Figuring out the scale of the Nepal tremors: 7.8 is three times bigger than 7.3

A man stands in front of his house in the early morning hours in Bhaktapur near Kathmandu, Nepal, May 14, 2015. Photo: Reuters  

When it comes to earthquakes, the magnitude readings might not readily bring to mind the scale and intensity of the damage they could cause; for instance how big was the 7.8 magnitude earthquake that rocked Nepal on April 25 compared to the 7.3 one recorded on May 12?

The 0.5 difference in magnitude translates itself into dimensions of size and energy release that might not be obvious to those of us who are used to linear scales.

Nepal has been experiencing many minor tremors following the quake of April 25. Most of these have been in the magnitude range 4 and 5; they are generally experienced by a lot of people but cause little destruction

It is when earthquakes move to the 6 range that they generally start causing significant damage; the higher the magnitude the more destruction they cause. Buildings that are well-designed and structurally strong might withstand the quake better.

An increase in scale by 1 involves a tenfold increase; an earthquake of magnitude 6 is ten times bigger than one of manitude 5. So a magnitude 8 earthquake is 1000 times bigger than a magnitude 5 earthquake and so on.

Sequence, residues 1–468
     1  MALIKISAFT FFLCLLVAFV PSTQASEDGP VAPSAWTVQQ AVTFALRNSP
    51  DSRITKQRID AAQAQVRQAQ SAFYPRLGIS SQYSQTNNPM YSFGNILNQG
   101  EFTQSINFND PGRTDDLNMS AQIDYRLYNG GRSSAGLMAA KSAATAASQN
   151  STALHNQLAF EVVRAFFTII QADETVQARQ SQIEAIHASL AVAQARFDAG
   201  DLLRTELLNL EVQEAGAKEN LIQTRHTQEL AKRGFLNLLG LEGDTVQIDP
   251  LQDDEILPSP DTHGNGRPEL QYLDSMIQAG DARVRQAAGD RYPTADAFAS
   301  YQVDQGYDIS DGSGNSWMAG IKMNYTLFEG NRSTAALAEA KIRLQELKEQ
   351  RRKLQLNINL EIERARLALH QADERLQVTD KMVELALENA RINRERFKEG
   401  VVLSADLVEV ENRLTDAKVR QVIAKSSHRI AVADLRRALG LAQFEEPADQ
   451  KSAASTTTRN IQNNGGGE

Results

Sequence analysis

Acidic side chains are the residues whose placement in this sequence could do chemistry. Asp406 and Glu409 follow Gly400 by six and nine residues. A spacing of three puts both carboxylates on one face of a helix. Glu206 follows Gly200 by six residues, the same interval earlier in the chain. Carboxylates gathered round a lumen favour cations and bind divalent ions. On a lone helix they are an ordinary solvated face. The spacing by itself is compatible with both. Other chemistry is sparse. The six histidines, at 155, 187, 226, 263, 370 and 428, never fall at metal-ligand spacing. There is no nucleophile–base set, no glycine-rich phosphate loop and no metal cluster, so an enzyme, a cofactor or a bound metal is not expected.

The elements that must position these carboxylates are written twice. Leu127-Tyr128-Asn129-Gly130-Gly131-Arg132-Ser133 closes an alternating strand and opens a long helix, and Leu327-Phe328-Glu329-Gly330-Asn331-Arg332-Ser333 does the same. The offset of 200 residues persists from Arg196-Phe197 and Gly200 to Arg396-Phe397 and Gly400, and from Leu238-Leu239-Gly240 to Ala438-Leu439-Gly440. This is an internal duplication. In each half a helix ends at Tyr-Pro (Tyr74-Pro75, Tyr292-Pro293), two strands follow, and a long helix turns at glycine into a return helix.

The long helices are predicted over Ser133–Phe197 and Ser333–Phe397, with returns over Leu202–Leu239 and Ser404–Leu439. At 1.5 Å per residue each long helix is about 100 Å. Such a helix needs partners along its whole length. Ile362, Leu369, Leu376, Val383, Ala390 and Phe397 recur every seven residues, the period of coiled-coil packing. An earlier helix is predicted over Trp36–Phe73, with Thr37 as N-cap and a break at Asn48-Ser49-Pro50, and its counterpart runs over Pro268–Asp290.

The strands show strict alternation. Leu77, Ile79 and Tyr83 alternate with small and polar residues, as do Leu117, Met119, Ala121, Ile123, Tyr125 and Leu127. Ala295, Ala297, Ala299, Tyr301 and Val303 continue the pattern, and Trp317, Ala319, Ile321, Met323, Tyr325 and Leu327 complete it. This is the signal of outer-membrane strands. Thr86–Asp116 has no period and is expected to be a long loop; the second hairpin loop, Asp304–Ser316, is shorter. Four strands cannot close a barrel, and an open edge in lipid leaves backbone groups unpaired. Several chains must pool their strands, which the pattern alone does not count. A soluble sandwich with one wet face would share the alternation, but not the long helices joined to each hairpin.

But even much more is the energy released during a quake, which is 31.622 times more when the magnitude increases by 1. So a magnitude 8 earthquake will involve the release of energy that is 31,622.776 times stronger compared to a magnitude 5 earthquake.

So there it is: the magnitude 7.8 earthquake that Nepal experienced on April 25 was 3.162 times bigger than the magnitude 7.3 aftershock that struck the country on May 12. It was 5.623 times stronger in terms of energy release.

(Data source: US Geological Survey)

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Printable version | Apr 10, 2021 10:36:34 PM |

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